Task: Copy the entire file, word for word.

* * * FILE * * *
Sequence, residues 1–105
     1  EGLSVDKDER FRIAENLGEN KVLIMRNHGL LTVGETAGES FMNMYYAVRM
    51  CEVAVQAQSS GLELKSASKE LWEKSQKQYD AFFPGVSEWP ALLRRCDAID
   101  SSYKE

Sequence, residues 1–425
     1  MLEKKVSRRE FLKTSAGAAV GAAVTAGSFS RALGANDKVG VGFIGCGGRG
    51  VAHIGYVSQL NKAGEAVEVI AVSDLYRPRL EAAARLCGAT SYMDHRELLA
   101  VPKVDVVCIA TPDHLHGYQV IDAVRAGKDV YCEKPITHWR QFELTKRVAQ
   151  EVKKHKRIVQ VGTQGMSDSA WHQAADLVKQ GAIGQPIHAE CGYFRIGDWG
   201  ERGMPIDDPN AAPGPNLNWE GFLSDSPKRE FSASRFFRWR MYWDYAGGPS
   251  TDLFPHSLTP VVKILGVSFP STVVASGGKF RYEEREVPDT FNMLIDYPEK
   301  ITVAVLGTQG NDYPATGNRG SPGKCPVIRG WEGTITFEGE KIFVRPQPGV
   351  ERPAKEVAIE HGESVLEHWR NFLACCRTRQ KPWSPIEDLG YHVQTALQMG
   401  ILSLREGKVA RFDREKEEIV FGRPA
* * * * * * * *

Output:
Sequence, residues 1–105
     1  EGLSVDKDER FRIAENLGEN KVLIMRNHGL LTVGETAGES FMNMYYAVRM
    51  CEVAVQAQSS GLELKSASKE LWEKSQKQYD AFFPGVSEWP ALLRRCDAID
   101  SSYKE

Sequence, residues 1–425
     1  MLEKKVSRRE FLKTSAGAAV GAAVTAGSFS RALGANDKVG VGFIGCGGRG
    51  VAHIGYVSQL NKAGEAVEVI AVSDLYRPRL EAAARLCGAT SYMDHRELLA
   101  VPKVDVVCIA TPDHLHGYQV IDAVRAGKDV YCEKPITHWR QFELTKRVAQ
   151  EVKKHKRIVQ VGTQGMSDSA WHQAADLVKQ GAIGQPIHAE CGYFRIGDWG
   201  ERGMPIDDPN AAPGPNLNWE GFLSDSPKRE FSASRFFRWR MYWDYAGGPS
   251  TDLFPHSLTP VVKILGVSFP STVVASGGKF RYEEREVPDT FNMLIDYPEK
   301  ITVAVLGTQG NDYPATGNRG SPGKCPVIRG WEGTITFEGE KIFVRPQPGV
   351  ERPAKEVAIE HGESVLEHWR NFLACCRTRQ KPWSPIEDLG YHVQTALQMG
   401  ILSLREGKVA RFDREKEEIV FGRPA